These are vehicles that have repeated or unfixable problems that diminish its value or threaten the safety of its occupants.
So what is a lemon and how do I get a refund or replacement vehicle?
What Qualifies as a “Lemon”?
- Major or substantial defect covered by warranty terms
- Defect is not fixable after reasonable number or repair attempts
What is a Substantial Defect?
If your vehicle has a substantial defect that impairs the use of the car, reduces its value or creates a safety concern, it may qualify as a lemon under California law. The law is ambiguous about exactly what is considered a substantial defect so it is based on the specific facts or circumstances involving your vehicle. Obviously, a defect that could result in injuries or death would likely qualify, but even defective paint or disgusting odors have qualified as substantial under the law.
There is a specific time limit that the lemon law claim must be made.
Vehicle Owner Must Make Reasonable Repair Attempts
It is incumbent upon the owner of the vehicle to make reasonable attempts to get the vehicle repaired by the dealership or manufacturer, but after four attempts and sometimes less it is usually qualified.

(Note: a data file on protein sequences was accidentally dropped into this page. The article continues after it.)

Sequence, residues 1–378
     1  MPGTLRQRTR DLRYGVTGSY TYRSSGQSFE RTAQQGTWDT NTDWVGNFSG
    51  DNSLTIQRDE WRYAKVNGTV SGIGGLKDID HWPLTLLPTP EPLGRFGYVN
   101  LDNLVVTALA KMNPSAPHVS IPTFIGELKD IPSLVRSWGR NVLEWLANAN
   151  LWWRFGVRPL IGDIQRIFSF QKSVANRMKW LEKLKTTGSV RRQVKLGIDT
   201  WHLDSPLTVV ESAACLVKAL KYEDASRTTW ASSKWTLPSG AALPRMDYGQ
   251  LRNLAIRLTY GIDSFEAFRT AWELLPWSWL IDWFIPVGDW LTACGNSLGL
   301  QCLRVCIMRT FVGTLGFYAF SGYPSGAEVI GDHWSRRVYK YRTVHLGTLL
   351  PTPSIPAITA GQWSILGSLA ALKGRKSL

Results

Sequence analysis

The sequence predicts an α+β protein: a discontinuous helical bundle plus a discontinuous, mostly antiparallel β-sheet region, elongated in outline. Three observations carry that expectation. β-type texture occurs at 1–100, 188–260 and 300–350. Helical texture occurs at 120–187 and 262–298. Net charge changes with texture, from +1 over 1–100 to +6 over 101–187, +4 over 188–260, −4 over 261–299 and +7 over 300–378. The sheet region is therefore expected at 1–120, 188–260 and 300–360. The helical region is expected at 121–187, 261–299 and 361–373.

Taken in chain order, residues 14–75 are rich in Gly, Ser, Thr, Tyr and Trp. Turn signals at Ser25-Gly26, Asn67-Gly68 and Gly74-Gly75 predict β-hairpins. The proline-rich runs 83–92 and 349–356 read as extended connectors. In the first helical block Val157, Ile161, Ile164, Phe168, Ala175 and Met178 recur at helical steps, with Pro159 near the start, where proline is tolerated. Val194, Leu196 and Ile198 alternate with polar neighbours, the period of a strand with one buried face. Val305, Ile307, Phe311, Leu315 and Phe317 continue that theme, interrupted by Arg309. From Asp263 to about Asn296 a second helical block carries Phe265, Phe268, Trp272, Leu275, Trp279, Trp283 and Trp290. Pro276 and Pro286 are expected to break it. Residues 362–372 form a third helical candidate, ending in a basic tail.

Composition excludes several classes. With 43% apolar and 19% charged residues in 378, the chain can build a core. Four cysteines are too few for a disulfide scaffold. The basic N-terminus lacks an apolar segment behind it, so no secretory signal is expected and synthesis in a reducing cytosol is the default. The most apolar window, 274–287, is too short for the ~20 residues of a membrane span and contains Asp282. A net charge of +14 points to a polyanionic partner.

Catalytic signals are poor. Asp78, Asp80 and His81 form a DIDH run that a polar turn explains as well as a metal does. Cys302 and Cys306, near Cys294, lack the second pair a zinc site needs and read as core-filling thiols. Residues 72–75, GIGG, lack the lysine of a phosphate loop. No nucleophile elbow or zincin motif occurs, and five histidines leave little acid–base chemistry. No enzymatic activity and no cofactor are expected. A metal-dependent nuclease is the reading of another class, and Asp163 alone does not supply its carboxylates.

Typically, if a vehicle owner makes two attempts to fix a serious defect and it is still not safe to drive, there will be grounds for a lemon lawsuit. On the other hand, the law requires four attempts to qualify if the defect is not a safety concern. Additionally, if the vehicle remains in the shop for more than 30 days in a one-year period, it will also qualify as a lemon.
Lemon Law Claims Help — Call 800-235-6801
Johnson Attorneys Group has helped thousands of clients resolve their lemon law cases and we can help you. Call us for a FREE CONSULTATION at 800-235-6801. Remember that our attorneys fees do not come out of your settlement because the manufacturer is required to pay them directly to us under California Lemon Laws.